Thursday, September 18, 2014

Handicapping kids

One of my husband's favorite authors is Robert Heinlein. Besides being a brilliant writer, he was a prescient observer of the human condition.

Just this morning I came across a Quote of the Day from SurvivalBlog as follows:

"Do not handicap your children by making their lives easy." – Robert Heinlein

I couldn't help but feel this was SO apt.

How much harm do we do to our children by not requiring them to work for their money, or to take responsibility for their actions, or to understand the gravity of the choices they make?

In some regards, children in the past had some advantages over children today. First of all, they were surrounded (mostly) by adults who modeled admirable qualities as a matter of daily life: hard work, self-control, clean speech, manners, etc. Material possessions were scarce by today's standards.

I have no desire to embrace "the good old days," but there's no question today's abundant resources, trashy popular culture, and the ability to skate through life without taking personal responsibility for bad choices has impacted adults and children in negative ways.

We've tried to cultivate the opposite: frugality, a pure culture, and personal responsibilities for our kids. By comparison to past hardships, our girls have undoubtedly had easy lives. Yet I hope we've imbued them with qualities that will serve them well as adults. We don't want to handicap them in that regard.

I've always loved the poems by Roald Dahl that appeared in the original book Charlie and the Chocolate Factory. After the spoiled brat Veruca Salt fell down the garbage chute, this is (in part) what the Oompah Loompahs had to say:

Be wondering -- is it really right
That every single bit of blame
And all the scolding and the shame
Should fall upon Veruca Salt?
Is she the only one at fault?
For though she's spoiled, and dreadfully so,
A girl can't spoil herself, you know.
Who spoiled her, then? Ah, who indeed?
Who pandered to her every need?
Who turned her into such a brat?
Who are the culprits? Who did that?
Alas! You needen't look so far
To find out who these sinners are.
They are (and this is very sad)
Her loving parents, MUM and DAD.

Methinks Robert Heinlein was right.


  1. Methinks you and Don are absolutely correct about Robert A. Heinlein, Patrice! He is and always has been my favorite author, as well. I first "discovered" his stories when my dad was reading Heinlein's "Puppet Masters." I was 11 years old and being curious about the picture on the paperback book's cover, I asked my dad about the story. He let me read it when he was through and I was totally enthralled! I still have that paperback, as well as most of the other early stories by Heinlein.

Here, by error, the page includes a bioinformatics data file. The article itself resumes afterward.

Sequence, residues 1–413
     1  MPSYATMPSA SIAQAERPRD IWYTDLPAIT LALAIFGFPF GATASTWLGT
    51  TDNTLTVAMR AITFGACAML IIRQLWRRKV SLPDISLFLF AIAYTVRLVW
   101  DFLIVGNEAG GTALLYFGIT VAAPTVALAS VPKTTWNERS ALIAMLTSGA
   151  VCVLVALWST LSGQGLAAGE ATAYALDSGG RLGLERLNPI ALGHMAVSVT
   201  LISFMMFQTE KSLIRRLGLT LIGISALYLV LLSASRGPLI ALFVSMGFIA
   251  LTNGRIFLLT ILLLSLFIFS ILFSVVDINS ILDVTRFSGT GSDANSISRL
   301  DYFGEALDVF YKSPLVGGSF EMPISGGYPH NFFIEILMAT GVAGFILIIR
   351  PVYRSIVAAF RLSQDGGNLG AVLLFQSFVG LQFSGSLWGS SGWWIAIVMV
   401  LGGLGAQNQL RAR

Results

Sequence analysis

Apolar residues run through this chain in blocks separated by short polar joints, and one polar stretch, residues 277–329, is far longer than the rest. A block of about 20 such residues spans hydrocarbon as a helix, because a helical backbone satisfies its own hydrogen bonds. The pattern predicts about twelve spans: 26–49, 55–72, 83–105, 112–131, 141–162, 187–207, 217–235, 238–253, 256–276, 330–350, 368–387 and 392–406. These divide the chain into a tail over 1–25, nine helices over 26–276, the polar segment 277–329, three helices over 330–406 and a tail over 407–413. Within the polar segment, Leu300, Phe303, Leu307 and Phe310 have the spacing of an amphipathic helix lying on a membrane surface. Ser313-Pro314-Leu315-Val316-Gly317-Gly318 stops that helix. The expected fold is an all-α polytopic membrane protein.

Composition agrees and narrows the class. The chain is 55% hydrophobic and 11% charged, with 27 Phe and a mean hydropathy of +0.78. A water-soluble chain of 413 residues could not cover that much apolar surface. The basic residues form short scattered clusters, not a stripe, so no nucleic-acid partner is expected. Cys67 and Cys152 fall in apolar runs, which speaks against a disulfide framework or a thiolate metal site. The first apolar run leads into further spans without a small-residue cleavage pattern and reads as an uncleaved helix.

When I was in the 7th grade in junior high school, I was browsing the school library when I came across the "young adult fiction" section. There I found "Red Planet" by Heinlein. I took it home and read it that weekend. I loved it! Monday, I took it back and checked out "Citizen of the Galaxy," then "Between Planets" and on and on. A "new" Heinlein book every weekend. I was in 7th Heaven!

    My parents never spent much time with me when I was growing up. I realized many years later that all the common sense and wisdom I'd learned as I grew through my teen years I received from Mr. Heinlein. He taught me right from wrong. How I should act in all situations and how OTHERS should act. He taught me how to be a decent human being and a man.

    By the way, my favorite story of his is "Have Space Suit Will Travel." It was a take-off on a very successful TV western of that time: "Have Gun Will Travel." --Fred in AZ

  2. We haul hay, feed livestock and currently have the corner of a 90 year old barn up on a couple of beams 3 floor jacks and a hydraulic jack. We concreted the top of the foundation to smooth it for a replacement sill... It is projects like this that have our 17 year old saying "Oh, oh - sounds like more "character building" for me.....!" Or "You mean I don't already have enough "character"....?

    The best part of course is that people have always thought we have some very nice children.....and now young adults (the other is 20)..

    There are too many kids out there that have missed out on hard work and discipline along with the love of two truly is sad. Natokadn

  3. I couldn't agree more. I work with young people who have gotten into trouble with things like drugs, alcohol, shoplifting etc. The kids are fairly easy to work with...the parents not so much. It's frustrating because I know it's likely they will reoffend because the parents don't instill the respect of the law, others and themselves the kids truly need.

    1. The funny part is that our eldest - in a recent interview- told the "interviewee" (after asked if her parents were concerned her about co-workers) "No, my parents were not concerned about me working with kids from "The Youth Center" " - (a halfway house for the local delinquent crowd) All of them had been in trouble in the law. I asked said daughter if she was ever offered drugs or if it was suggested that she should do something against the law. She said "No, they all knew better". And she got along with any of them that came to work and were willing to do the job. Raised correctly (most of the time) - the problem influences somehow know better......Natokadn

  4. In "The Good Old Days," children were seen and not heard. They also were considered and treated as adults at an earlier age then today.

    Through the perpetual prodding of the change agents through media and education, children, who should be acting as adults, instead have a protracted adolescence.